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I have a board about 1.5" thick and 12" wide and 8 feet long.

I need to cut the board diagonally and want the cut to be as straight as possible. (I am cutting the board diagonally. This does not involve a bevel cut.)

enter image description here

How can I do that?

I have a circular saw and a small portable table saw. I can buy equipment, but nothing large. I cannot buy a giant table saw with an 8' bed, for example.

(I do not think using outriggers with the portable table saw will work, because I have tried that before and it is not feasible to keep a board straight while feeding it 8 feet onto saw horses.)

  • 1
    The "at an angle" part of your question relates to the diagonal cut, not an angled cut (with tilted saw)? --- Also: is a sacrifical board below the one you want to cut unfeasible for some reason? otherwise you would put one below, have the circular saw on a depth that cuts just the board on top, and then use a ruler (or long board) to guide the saw – bukwyrm Apr 27 '18 at 12:09
  • @bukwyrm I have added a diagram to make it obvious. I do not have an eight foot long bench, so I cannot make a long fence. – Tyler Durden Apr 27 '18 at 12:23
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    Sawhorses with a board on top to form a makeshift table, then your green board on top, and a straight aluminum ruler (up to 3m, in most hardware stores) fastened with clamps to the green board parallel to the cut with an offset as big as your circular saw is wide? Or is your circular saw fastened to a saw-table? Like so: images-na.ssl-images-amazon.com/images/I/… – bukwyrm Apr 27 '18 at 12:27
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    @bukwyrm: This should be an answer. - Suggestion, additional, a straight board will work as well as a metal ruler and is a lot cheaper. – A. I. Breveleri Apr 27 '18 at 12:32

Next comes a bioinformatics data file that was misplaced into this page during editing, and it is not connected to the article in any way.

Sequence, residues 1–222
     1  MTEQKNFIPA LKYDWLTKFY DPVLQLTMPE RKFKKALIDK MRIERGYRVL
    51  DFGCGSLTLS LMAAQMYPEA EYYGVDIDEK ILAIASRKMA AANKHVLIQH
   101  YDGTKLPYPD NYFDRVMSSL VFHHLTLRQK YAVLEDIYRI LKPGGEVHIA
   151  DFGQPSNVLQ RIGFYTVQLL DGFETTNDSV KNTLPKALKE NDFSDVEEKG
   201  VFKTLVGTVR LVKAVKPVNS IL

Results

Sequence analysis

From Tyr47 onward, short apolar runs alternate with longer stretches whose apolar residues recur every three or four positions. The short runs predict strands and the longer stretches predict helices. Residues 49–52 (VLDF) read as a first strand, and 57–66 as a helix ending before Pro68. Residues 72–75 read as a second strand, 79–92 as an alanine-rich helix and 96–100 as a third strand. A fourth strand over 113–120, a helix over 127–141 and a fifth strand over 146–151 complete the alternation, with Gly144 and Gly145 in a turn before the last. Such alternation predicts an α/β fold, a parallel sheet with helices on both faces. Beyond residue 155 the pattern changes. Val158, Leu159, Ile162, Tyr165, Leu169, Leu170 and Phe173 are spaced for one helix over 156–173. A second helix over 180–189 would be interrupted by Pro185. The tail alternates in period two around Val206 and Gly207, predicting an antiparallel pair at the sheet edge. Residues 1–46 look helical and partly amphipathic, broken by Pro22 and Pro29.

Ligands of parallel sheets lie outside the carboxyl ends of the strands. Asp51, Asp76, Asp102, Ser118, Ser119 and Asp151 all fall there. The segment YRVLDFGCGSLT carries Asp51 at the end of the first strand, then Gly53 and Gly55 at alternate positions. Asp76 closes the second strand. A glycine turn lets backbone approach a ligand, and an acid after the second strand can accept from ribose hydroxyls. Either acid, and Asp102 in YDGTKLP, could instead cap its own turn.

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    Possible duplicate of How to rip unparallel on table saw? – isherwood Apr 27 '18 at 13:04
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Sawhorses with a board on top to form a makeshift table, then your green board on top, and a straight aluminum ruler (up to 3m, in most hardware stores) fastened with clamps to the green board parallel to the cut with an offset as big as your circular saw is wide? Or is your circular saw fastened to a saw-table?

Like so. image: amazon.com

Alternately use a very straight board clamped to the work as a guide for the saw.

  • This is what I've always done. You can use anything for the guide - doesn't have to be as fancy as an aluminum ruler. Could be a scrap piece of plywood or any other lumber that's straight. Clamp the guide board to your workpiece and run the circular saw along it. – dwizum Apr 27 '18 at 16:58
  • Any tips for beginning and finishing cuts with a guide like this? I find it difficult to get/keep the saw aligned properly when the bulk of it is off either end of the work piece. – Adrian McCarthy Apr 27 '18 at 20:23
  • This is how I do it. The machine-made edge of a sheet of plywood is a great straight-edge; it will be straighter than anything in the shop. – Tony Ennis Apr 28 '18 at 2:08
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A great thing to have on hand is a zero-tolerance circular saw guide. You can make one (I have multiples in different lengths) with a couple of boards you can get at a big box stores, some glue and a few screws (optional).

Get a length of MDF board. Something like this:

enter image description here

You want this to be dead straight so you'll want to buy it in this form. I would go with the wider pieces but it depends on what you need. Don't get it too thick or it will limit the depth of your cut.

Then take a piece of thin plywood that is as long as your MDF board and at least as wide as the MDF plus the with of your saw base. Glue the MDF to the plywood like shown in the following picture from this article with instructions:

enter image description here

The article suggests different materials but the MDF plus plywood worked for me. Then take your saw and put the base up against the MDF fence and cut the wide side of the guide. Now you have a zero-tolerance jig that you can clamp down and know that your cut will be dead straight and exactly on the edge of the guide.